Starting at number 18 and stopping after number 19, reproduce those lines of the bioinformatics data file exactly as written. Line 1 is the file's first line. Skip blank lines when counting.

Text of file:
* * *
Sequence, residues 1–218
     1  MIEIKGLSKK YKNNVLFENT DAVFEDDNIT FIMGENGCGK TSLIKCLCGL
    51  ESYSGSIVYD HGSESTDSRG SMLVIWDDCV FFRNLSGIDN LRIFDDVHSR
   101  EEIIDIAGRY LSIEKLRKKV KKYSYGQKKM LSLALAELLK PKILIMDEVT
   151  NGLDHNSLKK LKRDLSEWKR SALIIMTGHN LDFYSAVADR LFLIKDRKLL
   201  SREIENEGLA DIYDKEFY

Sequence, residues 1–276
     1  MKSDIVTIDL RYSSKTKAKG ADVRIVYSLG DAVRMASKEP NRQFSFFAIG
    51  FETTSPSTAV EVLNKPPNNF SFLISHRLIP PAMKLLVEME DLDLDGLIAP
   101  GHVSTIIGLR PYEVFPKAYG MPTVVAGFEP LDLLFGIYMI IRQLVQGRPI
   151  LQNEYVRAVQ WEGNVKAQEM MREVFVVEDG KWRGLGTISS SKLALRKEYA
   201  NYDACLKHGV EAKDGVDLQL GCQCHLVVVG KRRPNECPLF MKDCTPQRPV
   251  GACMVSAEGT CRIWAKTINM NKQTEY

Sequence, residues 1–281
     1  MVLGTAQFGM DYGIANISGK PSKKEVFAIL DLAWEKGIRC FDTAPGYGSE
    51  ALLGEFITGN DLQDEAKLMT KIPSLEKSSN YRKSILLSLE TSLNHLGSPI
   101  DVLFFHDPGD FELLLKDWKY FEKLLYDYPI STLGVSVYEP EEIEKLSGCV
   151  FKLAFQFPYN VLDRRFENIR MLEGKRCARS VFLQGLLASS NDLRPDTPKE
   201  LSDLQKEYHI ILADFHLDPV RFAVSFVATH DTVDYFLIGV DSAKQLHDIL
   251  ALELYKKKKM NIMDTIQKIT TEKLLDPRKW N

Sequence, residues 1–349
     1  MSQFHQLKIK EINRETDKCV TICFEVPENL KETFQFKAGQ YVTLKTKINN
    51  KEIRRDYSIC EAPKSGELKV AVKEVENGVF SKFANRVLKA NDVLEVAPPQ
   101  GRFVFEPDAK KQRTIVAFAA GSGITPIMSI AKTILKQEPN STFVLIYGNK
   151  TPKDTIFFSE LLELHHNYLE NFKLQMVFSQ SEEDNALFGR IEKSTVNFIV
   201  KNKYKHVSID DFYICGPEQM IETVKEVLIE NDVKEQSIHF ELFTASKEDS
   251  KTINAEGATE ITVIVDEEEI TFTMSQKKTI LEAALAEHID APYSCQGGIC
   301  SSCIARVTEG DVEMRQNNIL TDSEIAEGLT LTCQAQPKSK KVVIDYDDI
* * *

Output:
   151  FKLAFQFPYN VLDRRFENIR MLEGKRCARS VFLQGLLASS NDLRPDTPKE
   201  LSDLQKEYHI ILADFHLDPV RFAVSFVATH DTVDYFLIGV DSAKQLHDIL